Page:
Tuesday, 21 February 2012

The Halal frontier

Fischer's short study provides a fascinating window into numerous topics of extreme importance to anthropologists, while offering greater insight into the moral and practical concepts and concerns of Muslims in the West and even in Muslim-majority societies--concepts and concerns shared, always in locally-specific forms--by members of all religions in all parts of the modern world."--Anthropology Review Database
“Today, the rapidly growing 'halal' economy transforms mundane acts of shopping and consumption into acts of conspicuous piety among millions of consumers from Kuala Lumpur over the Middle East to London. This innovative study is a must read for anyone interested in the material dimensions of religion in the contemporary world.”—Thomas Blom Hansen, Reliance-Dhirubhai Ambani Professor in South Asian Studies and Professor in Anthropology, Stanford University
“In this fascinating study of halal regulating and producing, Fischer illuminates an oft-neglected example of globalization. He shows how Malaysian halal regulation is in fact the regulation of what it is to be a Muslim and traces its interface with the liberal marketplace of halal-authorizing in Britain and discourses of science and animal rights.”—John Richard Bowen, Dunbar-Van Cleve Professor in Arts & Sciences, Washington University in St. Louis
“When Tesco, the second-largest retailer in the world, makes a major commitment to source halal products, you know something big is afoot in the landscapes of food politics, global consumption, and religious piety. Tracking the role and transformation of halal consumption between the Malaysian middle class and its Diasporas in London and beyond, Fischer has authored a compelling and highly readable account of science, sanitization, and the dilemmas of secularism for Muslim Malays and/as everyday consumers. A remarkable and unique book.”—Bill Maurer, Professor of Anthropology and Professor of Law, University of California, Irvine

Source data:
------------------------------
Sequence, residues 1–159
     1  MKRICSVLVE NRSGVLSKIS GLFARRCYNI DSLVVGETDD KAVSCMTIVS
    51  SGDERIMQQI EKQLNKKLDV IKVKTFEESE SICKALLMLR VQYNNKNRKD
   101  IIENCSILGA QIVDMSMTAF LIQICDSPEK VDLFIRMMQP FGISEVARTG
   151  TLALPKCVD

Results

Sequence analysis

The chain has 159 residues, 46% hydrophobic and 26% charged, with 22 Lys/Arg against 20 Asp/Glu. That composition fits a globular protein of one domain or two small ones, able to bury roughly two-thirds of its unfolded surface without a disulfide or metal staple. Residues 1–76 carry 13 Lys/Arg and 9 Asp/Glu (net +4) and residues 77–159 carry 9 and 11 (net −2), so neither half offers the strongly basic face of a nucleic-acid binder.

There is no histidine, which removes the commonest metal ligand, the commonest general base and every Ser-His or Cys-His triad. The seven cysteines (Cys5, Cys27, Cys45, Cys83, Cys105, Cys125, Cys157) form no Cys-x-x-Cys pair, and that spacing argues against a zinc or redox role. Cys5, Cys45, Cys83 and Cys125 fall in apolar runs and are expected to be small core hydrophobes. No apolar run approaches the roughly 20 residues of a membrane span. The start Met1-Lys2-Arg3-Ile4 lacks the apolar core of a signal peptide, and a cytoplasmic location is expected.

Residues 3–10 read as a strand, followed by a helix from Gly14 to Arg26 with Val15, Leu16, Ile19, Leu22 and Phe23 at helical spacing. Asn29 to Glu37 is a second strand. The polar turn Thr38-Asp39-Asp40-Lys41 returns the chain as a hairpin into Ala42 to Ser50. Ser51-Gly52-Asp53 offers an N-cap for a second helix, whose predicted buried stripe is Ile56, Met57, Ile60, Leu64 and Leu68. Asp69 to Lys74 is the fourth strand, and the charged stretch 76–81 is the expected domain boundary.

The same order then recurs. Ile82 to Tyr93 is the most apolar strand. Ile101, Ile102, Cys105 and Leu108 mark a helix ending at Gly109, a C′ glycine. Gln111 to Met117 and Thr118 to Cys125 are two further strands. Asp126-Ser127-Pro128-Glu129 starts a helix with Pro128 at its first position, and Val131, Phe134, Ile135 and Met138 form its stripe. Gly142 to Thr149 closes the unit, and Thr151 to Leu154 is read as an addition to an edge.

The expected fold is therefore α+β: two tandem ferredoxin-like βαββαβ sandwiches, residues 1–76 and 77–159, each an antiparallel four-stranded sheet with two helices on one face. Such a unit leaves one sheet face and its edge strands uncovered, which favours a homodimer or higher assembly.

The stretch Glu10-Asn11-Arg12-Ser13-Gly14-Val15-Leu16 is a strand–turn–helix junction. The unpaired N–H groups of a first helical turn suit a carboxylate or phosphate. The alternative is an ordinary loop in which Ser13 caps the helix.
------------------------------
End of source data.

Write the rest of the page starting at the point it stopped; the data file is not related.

About the Author

Johan Fischer is Associate Professor of International Development Studies in the Department of Society and Globalization at Roskilde University. He has been a Visiting Research Fellow at both the National University of Singapore and Goldsmiths College, University of London and has been a Teaching Fellow at the University of Copenhagen. He has spent years doing fieldwork in Malaysia and the UK and has worked with NGOs in Thailand and South Africa. Fischer is also the author of Proper Islamic Consumption (Nordic Institute of Asian Studies Press) and numerous articles and chapters.